With so many numbers kicked around in college basketball at this time of year, it’s easy to forget that the game is played on the court. The “eye test” still matters, and the Georgetown men’s team hasn’t looked great recently.
Although math whizzes have raved about the Hoyas’ tough schedule and overall performance, something didn’t add up as they dropped two of their first three this month. Against St. John’s on Tuesday night, Georgetown’s performance was in sync with the computers.
In a much-needed laugher at Verizon Center, the Hoyas cruised to a 79-57 Big East victory over the Red Storm. After opening a double-digit lead at halftime, the Hoyas led by 22 points in the second half, displaying the focus Coach John Thompson III only has seen in spurts the past few games. When you rely so much on freshmen, sometimes it’s hard to keep everyone on the same page.
The Hoyas’ newcomers have impressed — forward Isaac Copeland is sprinting to the finish — but they keep Thompson busy. There was plenty for Thompson to teach as the Hoyas took aim at making a statement against the Red Storm.
Winners of three straight in conference play, St. John’s was having a good stretch. Coach Steve Lavin’s squad appeared out of its league against Georgetown, which, after shooting abysmally early in the game, found its groove.
Every starter scored in double figures. In the second half, Georgetown shot 68.2 percent from the field and made 7 of 10 from behind the three-point arc. Defensively, the Hoyas swarmed the Red Storm, which made 11 of 31 shots after halftime.
“The shots they were hitting . . . they were clicking,” Lavin said of the Hoyas. “They were razor sharp.”
The Hoyas put on such a solid show, they made the numbers crunchers look good.
Despite having a record that would seem to put them on the so-called bubble for an at-large NCAA tournament berth, the Hoyas (17-8, 9-5 Big East) are beloved by the math whizzes. To its credit, Georgetown played a very difficult nonconference schedule that included Florida, Kansas and Wisconsin.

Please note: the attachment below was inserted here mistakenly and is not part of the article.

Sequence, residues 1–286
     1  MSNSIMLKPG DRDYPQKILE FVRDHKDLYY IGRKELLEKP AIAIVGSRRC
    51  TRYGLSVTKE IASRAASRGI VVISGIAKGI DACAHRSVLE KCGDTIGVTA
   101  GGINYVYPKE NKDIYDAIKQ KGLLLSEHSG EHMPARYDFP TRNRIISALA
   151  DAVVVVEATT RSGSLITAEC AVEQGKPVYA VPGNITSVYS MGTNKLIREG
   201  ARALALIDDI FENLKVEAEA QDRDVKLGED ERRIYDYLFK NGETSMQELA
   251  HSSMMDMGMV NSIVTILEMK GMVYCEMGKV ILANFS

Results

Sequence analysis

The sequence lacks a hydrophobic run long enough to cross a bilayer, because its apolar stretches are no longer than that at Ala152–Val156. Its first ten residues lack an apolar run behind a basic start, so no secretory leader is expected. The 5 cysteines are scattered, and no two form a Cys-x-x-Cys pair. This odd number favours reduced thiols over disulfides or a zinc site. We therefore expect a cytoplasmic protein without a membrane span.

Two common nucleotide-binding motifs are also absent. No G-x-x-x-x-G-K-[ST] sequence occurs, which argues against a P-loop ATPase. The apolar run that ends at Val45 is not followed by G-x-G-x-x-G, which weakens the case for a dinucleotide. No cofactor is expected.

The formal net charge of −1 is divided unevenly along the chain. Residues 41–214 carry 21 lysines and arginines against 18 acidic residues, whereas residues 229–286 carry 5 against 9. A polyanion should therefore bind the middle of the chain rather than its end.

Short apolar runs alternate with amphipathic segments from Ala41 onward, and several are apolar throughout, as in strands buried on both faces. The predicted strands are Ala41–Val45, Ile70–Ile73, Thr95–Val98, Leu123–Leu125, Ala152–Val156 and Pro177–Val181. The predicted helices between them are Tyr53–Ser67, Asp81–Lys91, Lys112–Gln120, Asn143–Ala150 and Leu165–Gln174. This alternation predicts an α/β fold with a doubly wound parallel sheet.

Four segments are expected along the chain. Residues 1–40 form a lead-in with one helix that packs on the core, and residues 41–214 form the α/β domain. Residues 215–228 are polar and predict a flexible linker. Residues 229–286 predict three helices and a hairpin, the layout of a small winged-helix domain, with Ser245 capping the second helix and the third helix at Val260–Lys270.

In assembling the NCAA tournament field the past few years, the selection committee has made it clear that playing a good nonconference schedule is a good thing to do.
The mathematicians tell us the Hoyas have played the second-toughest schedule in the nation. Georgetown has a nifty RPI in the low 20s (in case anyone wondered, the media relations staff listed the information on the front page of the Hoyas’ game notes).
But the Hoyas have four conference games remaining before the Big East tournament. They must forget about the numbers and keep it going on the court. Thompson plans to reinforce the message.
“We can’t get complacent,” he said. “A lot of it is our guys, our players, are starting to take pride and understand that attention to detail is important. We still have to keep the focus and keep trying to get better.”
On Tuesday, Georgetown was about as good as it’s capable of being offensively.
Freshmen Copeland and L.J. Peak were among five players who scored 12 points apiece.
“We have different people that can score in different ways,” Thompson said. “When we look bad offensively it’s when the ball is stagnant. We did a good job of keeping it moving.”
Undoubtedly, some time off helped. The Hoyas had not played since defeating Seton Hall on Feb. 10. They made good use of time re-energizing, forward Mikael Hopkins said.
“It was very big,” he said. “It gave guys like [guards] D’Vauntes Smith-Rivera and Jabril Trawick, guys who play a lot of minutes, time to rest their bodies and recover. It also allowed us to focus on defense. We knew that St. John’s was a good offensive team. We were able to focus on some of their schemes. It was good for us.”
Again, the numbers back it up. Red Storm guard D’Angelo Harrison, who entered averaging a team-leading 19.1 points, went 0 for 9 from the field and scored five points. At almost 14 points per game, guard Rysheed Jordan is second on St. John’s in scoring. He went 1 for 6 and finished with three points. For that, the Hoyas deserve to take a bow.
“Our guys worked very hard. They did a very good job of helping each other,” Thompson said. “We did a good job of making second, third, fourth rotations.”
It’s still unclear where the Hoyas are headed. But if they keep it together on the court, the numbers should wind up telling a good story.